A consortium consisting of Turkish groups Gama and Turkerler and the US’ General Electric has launched talks with banks in Turkey to restructure €900mn of loans, two unnamed people familiar with the matter, who asked not to be identified as negotiations are private, told Bloomberg on October 14.
The consortium obtained the loans in question to build hospitals. They comprise of 18-year €301mn and $250mn outstanding loans for Bayrakli hospital in Izmir and a €314mn loan for Kocaeli hospital.
Both hospitals have a total investment value of nearly €1.2bn, according to Gama Holding’s website.
The Turkish government has been building 17 hospitals since 2015 for $10bn under a public-private-partnership (PPP) model.
Under the model, critics have noted, Turkish President Recep Tayyip Erdogan-affiliated businessmen build and operate hospitals while the government pays them euro-indexed annual fees over 25 years and provides loan guarantees.
Annual payments are higher than the overall construction costs of the hospitals while the facilities are often viewed as too large and impractical for effective medical operations. As part of the programme to deliver new hospitals, in-city hospitals are scrapped, adding to the economic cost of the new hospitals, seen as “black holes” by their opponents.
Gama is also behind bankrupted energy investments.
Lenders to the Gama-Turkerler-General Electric consortium include the European Bank for Reconstruction and Development (EBRD), US Overseas Private Investment, ICBC London, Intesa Sanpaolo and UniCredit, according to data compiled by Bloomberg.
“Elephant in the room”
Turkey is the country where the EBRD has its single largest investment portfolio, of which 97% is in the private sector. On October 12, Roger Kelly, EBRD’s Istanbul-based lead regional economist, said in an interview with Bloomberg that Turkey’s non-performing loan (NPL) “issue is an elephant in the room”. A boom in credit extension increases the risk of taking on riskier customers, and means many of the loans are still relatively young, he said.
To cope with an expected increase in souring credit, the EBRD has proposed that an asset-management company is created to carve out bad loans in Turkey. The London-based lender, which has vowed to boost loans denominated in Turkish lira (TRY) and has provided support of more than $13bn in the country over the past decade, has said it would be willing to invest in a vehicle that would bolster the asset quality of banks.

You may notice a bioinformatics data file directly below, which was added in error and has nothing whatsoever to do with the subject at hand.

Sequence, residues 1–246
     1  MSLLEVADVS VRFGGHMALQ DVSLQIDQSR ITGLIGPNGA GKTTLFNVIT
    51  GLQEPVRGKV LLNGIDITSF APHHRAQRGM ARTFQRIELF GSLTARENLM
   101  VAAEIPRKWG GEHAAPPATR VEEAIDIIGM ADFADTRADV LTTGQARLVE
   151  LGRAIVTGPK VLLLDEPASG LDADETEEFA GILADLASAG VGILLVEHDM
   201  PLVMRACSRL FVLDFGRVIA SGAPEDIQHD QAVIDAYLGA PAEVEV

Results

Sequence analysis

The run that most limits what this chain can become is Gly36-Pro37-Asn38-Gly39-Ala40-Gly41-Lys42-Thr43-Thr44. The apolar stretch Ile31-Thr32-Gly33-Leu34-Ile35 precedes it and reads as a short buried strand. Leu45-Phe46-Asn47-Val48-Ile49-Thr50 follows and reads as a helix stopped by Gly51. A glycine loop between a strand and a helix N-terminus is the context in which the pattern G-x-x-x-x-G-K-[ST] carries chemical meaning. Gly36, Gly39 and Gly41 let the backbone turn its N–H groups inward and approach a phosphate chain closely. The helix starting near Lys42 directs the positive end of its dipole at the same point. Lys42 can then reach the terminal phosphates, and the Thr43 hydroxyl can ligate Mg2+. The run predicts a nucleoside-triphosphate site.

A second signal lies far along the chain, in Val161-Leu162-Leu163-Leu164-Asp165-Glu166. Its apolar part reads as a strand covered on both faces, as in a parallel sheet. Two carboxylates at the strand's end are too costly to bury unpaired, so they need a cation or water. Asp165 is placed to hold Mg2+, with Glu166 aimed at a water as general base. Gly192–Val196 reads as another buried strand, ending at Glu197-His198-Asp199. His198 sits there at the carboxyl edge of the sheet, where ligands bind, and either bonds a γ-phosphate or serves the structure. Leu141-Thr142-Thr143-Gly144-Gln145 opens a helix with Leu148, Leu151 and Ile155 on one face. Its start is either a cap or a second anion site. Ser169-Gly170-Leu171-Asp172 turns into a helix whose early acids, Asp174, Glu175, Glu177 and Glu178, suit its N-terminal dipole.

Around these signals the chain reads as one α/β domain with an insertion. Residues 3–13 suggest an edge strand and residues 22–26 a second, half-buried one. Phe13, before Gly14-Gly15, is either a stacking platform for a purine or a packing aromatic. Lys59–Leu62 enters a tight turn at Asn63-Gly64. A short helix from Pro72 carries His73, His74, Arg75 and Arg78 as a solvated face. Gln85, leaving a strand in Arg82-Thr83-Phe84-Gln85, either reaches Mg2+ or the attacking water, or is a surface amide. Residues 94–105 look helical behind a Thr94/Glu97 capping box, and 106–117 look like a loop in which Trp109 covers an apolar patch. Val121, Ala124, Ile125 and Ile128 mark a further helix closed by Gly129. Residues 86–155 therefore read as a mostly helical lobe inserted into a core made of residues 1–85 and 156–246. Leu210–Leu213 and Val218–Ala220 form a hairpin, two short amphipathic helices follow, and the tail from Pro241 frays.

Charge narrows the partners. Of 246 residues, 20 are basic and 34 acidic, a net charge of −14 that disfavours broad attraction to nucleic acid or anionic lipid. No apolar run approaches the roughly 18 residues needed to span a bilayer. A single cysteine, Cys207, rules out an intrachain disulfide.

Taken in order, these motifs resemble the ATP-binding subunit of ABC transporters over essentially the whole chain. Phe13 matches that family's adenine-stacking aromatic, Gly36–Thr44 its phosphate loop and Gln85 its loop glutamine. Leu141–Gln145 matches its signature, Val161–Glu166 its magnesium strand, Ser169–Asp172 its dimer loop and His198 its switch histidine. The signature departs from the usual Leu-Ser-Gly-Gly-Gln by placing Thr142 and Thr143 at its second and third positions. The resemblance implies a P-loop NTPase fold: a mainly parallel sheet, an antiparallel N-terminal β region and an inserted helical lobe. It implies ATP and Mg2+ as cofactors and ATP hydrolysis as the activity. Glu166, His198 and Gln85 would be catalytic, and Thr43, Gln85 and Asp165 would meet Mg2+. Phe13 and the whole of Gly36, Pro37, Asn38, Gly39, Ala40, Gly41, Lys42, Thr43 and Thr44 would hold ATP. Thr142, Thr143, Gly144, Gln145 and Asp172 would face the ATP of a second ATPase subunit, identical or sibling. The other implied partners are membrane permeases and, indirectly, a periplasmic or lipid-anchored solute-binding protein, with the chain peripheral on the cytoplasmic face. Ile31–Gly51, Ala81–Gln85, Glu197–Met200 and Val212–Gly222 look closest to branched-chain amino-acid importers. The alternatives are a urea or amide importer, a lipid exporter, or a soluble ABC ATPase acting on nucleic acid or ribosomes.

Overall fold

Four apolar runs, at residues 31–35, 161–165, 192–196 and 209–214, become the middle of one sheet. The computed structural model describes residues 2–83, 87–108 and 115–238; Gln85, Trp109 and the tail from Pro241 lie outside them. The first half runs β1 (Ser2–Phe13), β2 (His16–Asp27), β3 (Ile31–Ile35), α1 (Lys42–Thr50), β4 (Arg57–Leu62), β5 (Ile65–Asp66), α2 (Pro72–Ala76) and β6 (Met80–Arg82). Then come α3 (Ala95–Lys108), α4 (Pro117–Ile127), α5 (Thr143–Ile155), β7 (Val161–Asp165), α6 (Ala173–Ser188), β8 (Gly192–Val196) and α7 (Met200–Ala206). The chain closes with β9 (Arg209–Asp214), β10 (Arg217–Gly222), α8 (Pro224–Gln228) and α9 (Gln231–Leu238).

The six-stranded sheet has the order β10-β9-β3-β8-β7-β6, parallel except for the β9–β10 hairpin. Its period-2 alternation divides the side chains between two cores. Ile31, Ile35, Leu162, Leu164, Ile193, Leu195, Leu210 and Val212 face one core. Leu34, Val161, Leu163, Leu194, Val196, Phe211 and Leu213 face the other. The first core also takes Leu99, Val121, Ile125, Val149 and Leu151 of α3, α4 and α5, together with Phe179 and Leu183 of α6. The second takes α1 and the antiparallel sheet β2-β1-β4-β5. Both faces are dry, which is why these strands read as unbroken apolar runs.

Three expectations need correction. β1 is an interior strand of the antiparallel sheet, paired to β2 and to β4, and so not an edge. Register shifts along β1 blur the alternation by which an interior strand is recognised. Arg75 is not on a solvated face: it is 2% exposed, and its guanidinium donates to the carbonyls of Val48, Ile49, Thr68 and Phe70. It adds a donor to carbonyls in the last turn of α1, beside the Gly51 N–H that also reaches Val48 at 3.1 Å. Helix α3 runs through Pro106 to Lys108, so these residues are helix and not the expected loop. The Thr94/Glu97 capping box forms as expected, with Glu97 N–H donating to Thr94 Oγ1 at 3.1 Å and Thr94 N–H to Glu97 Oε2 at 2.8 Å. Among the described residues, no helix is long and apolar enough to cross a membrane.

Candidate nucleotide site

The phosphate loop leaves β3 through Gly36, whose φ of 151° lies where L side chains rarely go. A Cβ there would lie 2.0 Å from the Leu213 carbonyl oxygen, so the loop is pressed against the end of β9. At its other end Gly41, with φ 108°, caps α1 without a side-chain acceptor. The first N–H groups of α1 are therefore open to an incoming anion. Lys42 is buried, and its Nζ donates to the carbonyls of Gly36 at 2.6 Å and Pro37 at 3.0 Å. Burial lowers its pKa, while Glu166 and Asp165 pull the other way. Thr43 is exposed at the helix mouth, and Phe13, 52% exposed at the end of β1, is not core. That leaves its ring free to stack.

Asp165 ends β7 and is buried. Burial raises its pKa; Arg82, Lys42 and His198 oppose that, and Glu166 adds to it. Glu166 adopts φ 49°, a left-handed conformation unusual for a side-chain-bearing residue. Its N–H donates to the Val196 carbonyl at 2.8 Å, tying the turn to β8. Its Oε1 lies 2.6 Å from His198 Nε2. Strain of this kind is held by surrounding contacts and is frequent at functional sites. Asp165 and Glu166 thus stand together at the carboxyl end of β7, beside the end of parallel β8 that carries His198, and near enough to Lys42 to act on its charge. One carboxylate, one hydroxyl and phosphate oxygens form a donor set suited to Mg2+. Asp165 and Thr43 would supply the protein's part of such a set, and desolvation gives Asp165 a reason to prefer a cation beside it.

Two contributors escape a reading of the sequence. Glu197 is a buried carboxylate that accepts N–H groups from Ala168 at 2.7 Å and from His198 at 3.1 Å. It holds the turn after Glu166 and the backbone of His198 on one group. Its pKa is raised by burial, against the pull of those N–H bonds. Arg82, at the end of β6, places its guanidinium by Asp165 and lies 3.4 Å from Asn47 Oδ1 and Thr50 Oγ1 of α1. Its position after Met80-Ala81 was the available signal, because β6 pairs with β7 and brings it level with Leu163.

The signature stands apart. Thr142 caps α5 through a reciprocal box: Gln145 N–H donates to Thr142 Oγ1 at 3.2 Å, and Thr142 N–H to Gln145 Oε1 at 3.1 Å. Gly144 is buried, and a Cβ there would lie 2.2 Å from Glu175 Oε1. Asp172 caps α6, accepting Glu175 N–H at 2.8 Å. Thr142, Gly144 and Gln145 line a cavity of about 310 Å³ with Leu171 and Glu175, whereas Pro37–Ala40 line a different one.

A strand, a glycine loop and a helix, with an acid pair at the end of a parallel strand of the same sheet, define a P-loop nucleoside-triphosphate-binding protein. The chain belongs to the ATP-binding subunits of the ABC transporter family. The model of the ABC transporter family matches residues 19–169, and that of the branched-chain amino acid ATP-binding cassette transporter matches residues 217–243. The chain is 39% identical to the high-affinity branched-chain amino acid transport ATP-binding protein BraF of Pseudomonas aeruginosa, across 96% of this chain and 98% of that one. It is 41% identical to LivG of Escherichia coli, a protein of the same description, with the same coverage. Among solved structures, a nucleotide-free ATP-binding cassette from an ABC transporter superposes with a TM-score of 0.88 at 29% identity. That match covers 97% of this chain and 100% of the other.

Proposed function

The European Union owns part of the G7 economic powers-controlled EBRD’s capital and co-finances investments with it. It has warned Turkey that it could impose sanctions on Ankara if “provocations and pressures” continue in the East Mediterranean. But on October 8, the EBRD’s outgoing acting president Juergen Rigterink told Reuters that the bank was going ahead with providing a medical emergency loan to Turkey. “We are currently looking at helping Turkey with an emergency loan on the medical side, it will be one of our first projects on the sovereign side,” said Rigterink, adding that the project was “not under review”.
Asked about the development bank’s involvement in Belarus—where the Lukashenko régime is attempting to suppress a people’s uprising—Rigterink said the lender was monitoring developments closely and consulting with shareholders. “We have only invested in the private sector in Belarus and expect that to be case in the future,” he said.
The Turkish health ministry, which has kept up on-time payments to the Erdogan-affiliated hospital contractors despite the pandemic strains on finances, has defaulted on $2.3bn debts owed to American and other pharmaceutical companies and on another Turkish lira (TRY) 19bn of debts owed to local medical equipment suppliers.
Erdogan resists NPL sales